According to an Akamai Technologies “State of Internet and Security report”, the gaming industry was victim to quite a many cyberattacks that were seen growing on a fierce rate that shares a large amount of cases compared to other web based industries amidst the Covid-19 pandemic.
The video gaming industry saw more than 240 million web attacks in the year 2020. More precisely, Akamai tracked 246,064,297 web attacks that took place in 2020 directed towards only the gaming industries around the globe, representing around 4% of the 6.3 billion attacks that took place in that particular year. According to the Akamai’s previous reports and stats, since the year 2018 around 415% spike was seen on the web attacks targeting the gaming industry alone.
“In fact, the year-over-year change globally for web application attacks was only 2%, meaning that gaming saw more growth in attack traffic than any other industry in 2020,” According to the report.
“Criminals are relentless, and we have the data to show it, we’re observing a remarkable persistence in video game industry defenses being tested on a daily – and often hourly – basis by criminals probing for vulnerabilities through which to breach servers and expose information. We’re also seeing numerous group chats forming on popular social networks that are dedicated to sharing attack techniques and best practices.” said Steve Regan, Akamai’s security researcher and the author of the report.
Not just the web-attacks but the gaming industry also took a huge hit from the credential-stuffing attacks also, which also saw huge spike up to 224% compared to the 2019 report, though on the other side DDoS (Distributed denial-of-service) attacks saw a 20% drop.
Akamai also mentioned in the report that, these “cold and ruthless” cyber criminals showed a lot more interest in the gaming sector compared to the other web-based industries.
Apparently these cybercrooks are interested in abusing gamers and the gaming industry for a plenty of reasons. One of the recent incidents took place on the Steam gaming platform, where a malware was found by a security analyst that was lurking around the image file’s metadata. Steganography is an old technique to hide encrypted data on an image but using it on a gaming platform and hiding it in the image’s metadata is very new.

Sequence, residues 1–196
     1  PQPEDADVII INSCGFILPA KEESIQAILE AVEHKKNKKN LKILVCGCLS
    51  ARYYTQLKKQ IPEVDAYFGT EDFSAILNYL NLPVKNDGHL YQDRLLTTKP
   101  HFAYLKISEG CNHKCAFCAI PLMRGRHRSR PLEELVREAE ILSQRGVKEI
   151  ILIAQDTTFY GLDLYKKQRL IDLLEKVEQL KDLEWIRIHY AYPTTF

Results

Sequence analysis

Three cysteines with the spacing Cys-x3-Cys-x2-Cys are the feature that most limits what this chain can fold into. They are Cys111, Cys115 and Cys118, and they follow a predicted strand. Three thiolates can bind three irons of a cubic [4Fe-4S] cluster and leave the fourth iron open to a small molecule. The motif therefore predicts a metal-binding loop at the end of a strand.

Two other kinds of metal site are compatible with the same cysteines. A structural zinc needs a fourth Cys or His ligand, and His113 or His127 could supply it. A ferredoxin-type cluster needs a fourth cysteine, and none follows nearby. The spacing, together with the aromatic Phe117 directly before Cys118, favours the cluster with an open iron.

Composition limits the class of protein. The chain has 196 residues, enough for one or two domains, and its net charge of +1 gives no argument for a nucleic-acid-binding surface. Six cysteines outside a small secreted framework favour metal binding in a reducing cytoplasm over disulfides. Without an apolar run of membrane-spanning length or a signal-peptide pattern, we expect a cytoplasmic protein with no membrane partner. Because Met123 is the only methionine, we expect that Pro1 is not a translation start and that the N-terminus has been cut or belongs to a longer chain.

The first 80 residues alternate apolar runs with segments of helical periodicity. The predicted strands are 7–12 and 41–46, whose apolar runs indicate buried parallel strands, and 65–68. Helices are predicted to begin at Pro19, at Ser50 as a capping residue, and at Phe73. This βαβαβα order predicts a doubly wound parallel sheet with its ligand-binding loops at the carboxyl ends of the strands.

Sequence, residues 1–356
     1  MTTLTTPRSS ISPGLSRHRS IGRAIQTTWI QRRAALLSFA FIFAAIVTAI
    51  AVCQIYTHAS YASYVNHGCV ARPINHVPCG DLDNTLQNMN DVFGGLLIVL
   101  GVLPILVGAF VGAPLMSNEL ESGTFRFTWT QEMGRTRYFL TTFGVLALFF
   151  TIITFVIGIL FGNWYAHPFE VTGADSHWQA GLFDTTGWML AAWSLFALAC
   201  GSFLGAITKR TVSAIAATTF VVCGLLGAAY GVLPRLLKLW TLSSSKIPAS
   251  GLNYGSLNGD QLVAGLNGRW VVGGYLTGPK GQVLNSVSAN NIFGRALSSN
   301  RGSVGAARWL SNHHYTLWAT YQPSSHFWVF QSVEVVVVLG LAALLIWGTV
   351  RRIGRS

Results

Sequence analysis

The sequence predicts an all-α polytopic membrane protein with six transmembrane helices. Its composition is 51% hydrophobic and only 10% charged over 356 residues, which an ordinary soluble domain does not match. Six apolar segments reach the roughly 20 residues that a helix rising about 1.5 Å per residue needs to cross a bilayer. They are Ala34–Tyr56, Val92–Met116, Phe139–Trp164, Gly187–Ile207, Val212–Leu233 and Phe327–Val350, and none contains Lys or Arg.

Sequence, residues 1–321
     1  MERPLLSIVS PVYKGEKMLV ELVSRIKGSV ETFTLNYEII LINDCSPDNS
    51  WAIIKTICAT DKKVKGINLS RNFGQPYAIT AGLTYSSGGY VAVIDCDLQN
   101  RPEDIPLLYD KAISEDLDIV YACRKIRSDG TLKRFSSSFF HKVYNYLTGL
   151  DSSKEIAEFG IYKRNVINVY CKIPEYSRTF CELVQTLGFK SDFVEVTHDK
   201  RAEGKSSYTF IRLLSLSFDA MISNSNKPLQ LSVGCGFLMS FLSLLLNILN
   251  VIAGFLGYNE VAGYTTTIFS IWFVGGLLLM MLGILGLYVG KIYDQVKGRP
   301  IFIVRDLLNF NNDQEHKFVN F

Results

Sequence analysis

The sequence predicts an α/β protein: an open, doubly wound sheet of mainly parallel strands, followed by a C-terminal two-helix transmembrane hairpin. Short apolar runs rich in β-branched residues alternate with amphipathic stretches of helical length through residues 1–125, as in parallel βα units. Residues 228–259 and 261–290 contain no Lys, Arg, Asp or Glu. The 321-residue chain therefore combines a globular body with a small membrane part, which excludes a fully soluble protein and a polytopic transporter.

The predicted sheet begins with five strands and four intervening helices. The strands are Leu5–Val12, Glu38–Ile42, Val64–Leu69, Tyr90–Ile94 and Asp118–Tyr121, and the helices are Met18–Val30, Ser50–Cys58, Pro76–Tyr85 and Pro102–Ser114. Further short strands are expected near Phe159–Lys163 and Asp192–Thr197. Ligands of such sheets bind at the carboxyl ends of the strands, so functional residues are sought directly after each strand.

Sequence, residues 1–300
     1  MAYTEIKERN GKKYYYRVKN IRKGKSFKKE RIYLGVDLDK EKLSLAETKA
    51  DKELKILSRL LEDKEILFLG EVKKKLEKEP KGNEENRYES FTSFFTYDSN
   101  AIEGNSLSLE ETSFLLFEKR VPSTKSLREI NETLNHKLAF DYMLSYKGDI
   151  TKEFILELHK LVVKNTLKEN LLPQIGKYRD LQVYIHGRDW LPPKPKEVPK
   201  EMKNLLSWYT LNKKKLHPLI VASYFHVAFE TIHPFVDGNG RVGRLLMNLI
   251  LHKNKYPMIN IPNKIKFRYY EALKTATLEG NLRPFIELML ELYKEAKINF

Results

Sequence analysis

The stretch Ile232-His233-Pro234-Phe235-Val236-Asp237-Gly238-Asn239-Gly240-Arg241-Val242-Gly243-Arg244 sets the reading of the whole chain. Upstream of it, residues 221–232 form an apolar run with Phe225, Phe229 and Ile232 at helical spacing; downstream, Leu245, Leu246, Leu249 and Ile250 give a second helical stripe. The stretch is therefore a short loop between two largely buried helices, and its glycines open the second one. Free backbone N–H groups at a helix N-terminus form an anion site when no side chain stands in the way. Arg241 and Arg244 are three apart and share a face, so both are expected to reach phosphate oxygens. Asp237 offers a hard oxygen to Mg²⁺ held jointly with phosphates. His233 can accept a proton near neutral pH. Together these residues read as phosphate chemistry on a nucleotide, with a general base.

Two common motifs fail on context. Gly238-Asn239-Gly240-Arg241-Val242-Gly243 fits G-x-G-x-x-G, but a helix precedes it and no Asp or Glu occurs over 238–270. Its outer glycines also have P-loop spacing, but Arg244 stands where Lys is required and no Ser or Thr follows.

Here’s a few reasons why these Cybercrooks are behind the gaming industry.
– Empty Mind is a devils’ workshop, these attackers are just as bored.
– They share their work and plan their next attacks on various groups, that’s how most of them work only to get some attention or fame in their own little world.
– Several such attacking forums saw a bunch of SQLi and LFI tutorial videos circulating along with the keyword “Dorks”. SQLi and LFI is the preferred weapon of choice to program remotely trigger the automated attacks
– Credential Stuffing : With more amount of money involved in the in-game purchases or cosmetics, it’ll always be an attraction. “Second only to phishing, credential stuffing is the most common type of account takeover attack, mostly due to the multiple ways a compromised account can be leveraged by criminals,” as mentioned in the report.
Imperva is an IT security company that provides protection to various data and application software, Principal Security Engineer Alex Bakshtein said that the most effective and used tool to protect most of the web based attacks is WAF (Web Application Firewall).
“Input sanitization and proper file management practices are almost never sufficient on their own, even if they effectively minimize the risk of an RFI.” A WAF that monitors user inputs and filters out malicious requests using a combination of signature, behavioral and reputation-based security heuristics is “ideal. “The WAF is deployed as a secure proxy and blocks RFI attempts at the edge of the server—before they can interact with your web application.” – Alex’s opinion on the web based attacks.